If COVID-19 has taught parents anything, it’s that teachers put in real work to help students learn and achieve. Now that schools are closed, most parents have been asked to take on educational responsibilities that they might not be prepared for. If homeschooling giving you a headache, try these tips to keep yourself and your children on track.
Act Like It’s a School Day
Structure and normalcy are healthy for both children and their parents. It’s actually surprisingly difficult to get work done when you’re still in your pajamas at lunchtime. Get everyone out of bed at a reasonable hour, make breakfast, and add the schoolwork to your other work-from-home responsibilities.
Take Plenty of Breaks
Humans get tired, and children get tired much faster than their parents. One of the talents of a good teacher is the ability to notice when the class is getting bored and move their attention to something more engaging. As a parent, you might not have an arsenal of different activities, but you do have the comforts and amenities of home. Let your kids relax in between study sessions; they’ll come back refreshed, focused, and ready to learn. A good general rule is to take a 15-minute break after every hour of studying or work.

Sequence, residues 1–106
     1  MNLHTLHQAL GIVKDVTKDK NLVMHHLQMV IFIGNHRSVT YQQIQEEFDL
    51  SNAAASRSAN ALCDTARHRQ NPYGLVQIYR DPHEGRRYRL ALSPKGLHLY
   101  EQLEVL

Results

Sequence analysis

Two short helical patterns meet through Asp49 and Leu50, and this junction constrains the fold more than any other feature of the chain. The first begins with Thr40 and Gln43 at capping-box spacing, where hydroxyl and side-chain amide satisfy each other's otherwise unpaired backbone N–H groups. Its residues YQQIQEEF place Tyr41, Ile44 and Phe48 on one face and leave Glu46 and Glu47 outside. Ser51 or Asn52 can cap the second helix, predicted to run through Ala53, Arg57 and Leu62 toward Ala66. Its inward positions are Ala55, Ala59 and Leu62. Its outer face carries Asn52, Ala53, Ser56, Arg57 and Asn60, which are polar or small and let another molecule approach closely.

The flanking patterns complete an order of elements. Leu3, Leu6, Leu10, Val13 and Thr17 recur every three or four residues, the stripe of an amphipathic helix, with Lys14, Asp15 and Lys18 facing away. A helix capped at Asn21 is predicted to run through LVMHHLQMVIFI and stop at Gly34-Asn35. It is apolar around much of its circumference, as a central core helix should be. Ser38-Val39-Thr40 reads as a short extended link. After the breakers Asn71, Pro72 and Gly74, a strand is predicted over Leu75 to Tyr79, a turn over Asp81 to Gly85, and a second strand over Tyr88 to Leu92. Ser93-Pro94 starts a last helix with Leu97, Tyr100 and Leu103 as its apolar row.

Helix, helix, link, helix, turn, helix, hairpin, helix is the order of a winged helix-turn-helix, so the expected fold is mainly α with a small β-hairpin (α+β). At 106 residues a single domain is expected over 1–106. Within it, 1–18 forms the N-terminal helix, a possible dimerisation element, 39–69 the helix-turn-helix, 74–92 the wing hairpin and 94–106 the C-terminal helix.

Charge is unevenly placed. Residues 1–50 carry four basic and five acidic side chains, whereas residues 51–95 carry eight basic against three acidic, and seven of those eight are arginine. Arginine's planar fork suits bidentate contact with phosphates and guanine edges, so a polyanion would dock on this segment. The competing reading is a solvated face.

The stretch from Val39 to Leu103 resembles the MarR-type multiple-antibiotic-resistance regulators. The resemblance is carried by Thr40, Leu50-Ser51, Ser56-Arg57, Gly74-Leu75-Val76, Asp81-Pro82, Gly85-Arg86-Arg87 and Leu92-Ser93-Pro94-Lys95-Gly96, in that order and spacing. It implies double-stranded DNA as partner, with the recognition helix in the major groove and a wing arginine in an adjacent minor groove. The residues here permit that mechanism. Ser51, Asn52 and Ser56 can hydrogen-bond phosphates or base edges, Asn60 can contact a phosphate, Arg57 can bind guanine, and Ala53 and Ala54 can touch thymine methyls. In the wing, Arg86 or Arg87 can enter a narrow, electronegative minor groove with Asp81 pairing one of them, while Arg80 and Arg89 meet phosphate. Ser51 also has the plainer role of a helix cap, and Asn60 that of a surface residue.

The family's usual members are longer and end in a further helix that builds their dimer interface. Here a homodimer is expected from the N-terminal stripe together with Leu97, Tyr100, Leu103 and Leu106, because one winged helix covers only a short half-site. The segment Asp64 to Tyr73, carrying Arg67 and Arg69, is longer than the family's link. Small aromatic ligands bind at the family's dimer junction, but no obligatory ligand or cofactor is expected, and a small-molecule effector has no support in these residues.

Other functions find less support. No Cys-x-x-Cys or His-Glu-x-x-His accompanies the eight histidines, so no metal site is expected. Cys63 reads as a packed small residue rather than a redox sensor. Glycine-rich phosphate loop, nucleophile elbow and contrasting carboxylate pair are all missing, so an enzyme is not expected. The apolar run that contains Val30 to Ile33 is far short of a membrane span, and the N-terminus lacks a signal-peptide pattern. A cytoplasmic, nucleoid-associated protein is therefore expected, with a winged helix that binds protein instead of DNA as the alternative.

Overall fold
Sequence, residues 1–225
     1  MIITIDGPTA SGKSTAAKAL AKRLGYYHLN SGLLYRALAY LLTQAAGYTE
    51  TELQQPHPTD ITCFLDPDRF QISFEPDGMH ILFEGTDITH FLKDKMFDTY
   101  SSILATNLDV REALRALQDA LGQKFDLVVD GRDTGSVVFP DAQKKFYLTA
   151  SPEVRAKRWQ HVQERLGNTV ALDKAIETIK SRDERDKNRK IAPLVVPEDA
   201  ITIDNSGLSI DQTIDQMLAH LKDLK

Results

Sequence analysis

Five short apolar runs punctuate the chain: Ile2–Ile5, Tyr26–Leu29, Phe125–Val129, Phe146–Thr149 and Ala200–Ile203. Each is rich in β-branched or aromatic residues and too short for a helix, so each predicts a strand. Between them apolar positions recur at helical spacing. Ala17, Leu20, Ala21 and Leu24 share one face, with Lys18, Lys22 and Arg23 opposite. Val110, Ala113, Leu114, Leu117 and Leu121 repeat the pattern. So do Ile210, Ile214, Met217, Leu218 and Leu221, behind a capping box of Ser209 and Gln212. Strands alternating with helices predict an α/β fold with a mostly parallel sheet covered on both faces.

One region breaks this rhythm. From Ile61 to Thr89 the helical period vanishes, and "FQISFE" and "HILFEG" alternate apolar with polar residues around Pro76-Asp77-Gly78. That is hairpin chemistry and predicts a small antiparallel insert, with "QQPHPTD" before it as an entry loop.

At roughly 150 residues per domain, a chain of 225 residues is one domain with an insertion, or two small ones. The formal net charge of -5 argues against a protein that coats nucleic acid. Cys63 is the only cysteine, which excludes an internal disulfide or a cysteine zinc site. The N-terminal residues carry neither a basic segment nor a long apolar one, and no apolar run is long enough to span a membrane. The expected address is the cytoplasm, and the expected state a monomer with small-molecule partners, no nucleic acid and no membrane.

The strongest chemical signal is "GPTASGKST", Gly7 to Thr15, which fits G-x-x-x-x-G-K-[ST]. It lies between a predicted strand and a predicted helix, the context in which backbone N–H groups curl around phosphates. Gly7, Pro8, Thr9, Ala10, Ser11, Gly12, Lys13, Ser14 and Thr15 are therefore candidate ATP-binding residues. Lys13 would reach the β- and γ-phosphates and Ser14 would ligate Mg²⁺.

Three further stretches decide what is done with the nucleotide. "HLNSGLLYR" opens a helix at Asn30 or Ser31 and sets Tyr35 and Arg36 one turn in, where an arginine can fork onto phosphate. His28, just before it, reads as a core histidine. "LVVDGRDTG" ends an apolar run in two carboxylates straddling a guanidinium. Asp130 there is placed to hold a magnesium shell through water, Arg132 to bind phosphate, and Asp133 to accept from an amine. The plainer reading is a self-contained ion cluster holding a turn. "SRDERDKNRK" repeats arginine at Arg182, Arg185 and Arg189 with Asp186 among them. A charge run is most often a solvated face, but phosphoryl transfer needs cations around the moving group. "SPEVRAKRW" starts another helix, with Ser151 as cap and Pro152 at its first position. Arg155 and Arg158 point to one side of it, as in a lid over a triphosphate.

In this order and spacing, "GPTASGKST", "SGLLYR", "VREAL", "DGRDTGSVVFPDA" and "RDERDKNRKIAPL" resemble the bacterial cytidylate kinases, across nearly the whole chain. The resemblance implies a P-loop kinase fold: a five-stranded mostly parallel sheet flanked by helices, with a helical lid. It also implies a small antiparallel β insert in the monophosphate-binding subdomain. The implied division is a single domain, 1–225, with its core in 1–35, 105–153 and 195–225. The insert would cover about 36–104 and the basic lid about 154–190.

COVID-19 has been stressful for everyone, and that includes your kids. They’ve been pulled out of school and away from their friends; the future looks uncertain, but they’re far too young to react. Under this combination of stressors, you really shouldn’t expect them to perform at their academic best.
Right now, the most important thing is that your kids meet the requirements needed to pass their classes and gain a general understanding of the material. They have a lifetime of education ahead of them, so don’t worry about putting together perfect lectures or touching on every resource the teachers have to offer. Go through the required readings, watch a video or two about each topic, and help your kids complete any work they’ve been assigned.
Remember You’re Not at School
You can’t take the dynamics of a classroom and expect them to work in a home environment. You’re not a teacher, and your kids aren’t in a room with 30 other students. Things are going to play out differently; if you accept this, you and your kids will get more done.
First, recognize that you won’t be able to provide high-quality lectures on every topic. More importantly, you’re not expected to. Take advantage of the resources the teachers provide. If you really want to wow your kids, admit when you’re wrong.
Second, realize that education goes much more quickly when each student can get the individual attention they need. Each day’s lessons and homework should only take a few hours, especially if your children are young. Don’t look for ways to fill that extra time; let your kids enjoy the perks of being the only stars in the classroom.
The key to keeping your stress down while homeschooling is to have reasonable expectations for both yourself and your children. Listen to what the teachers suggest, and don’t push anyone too hard.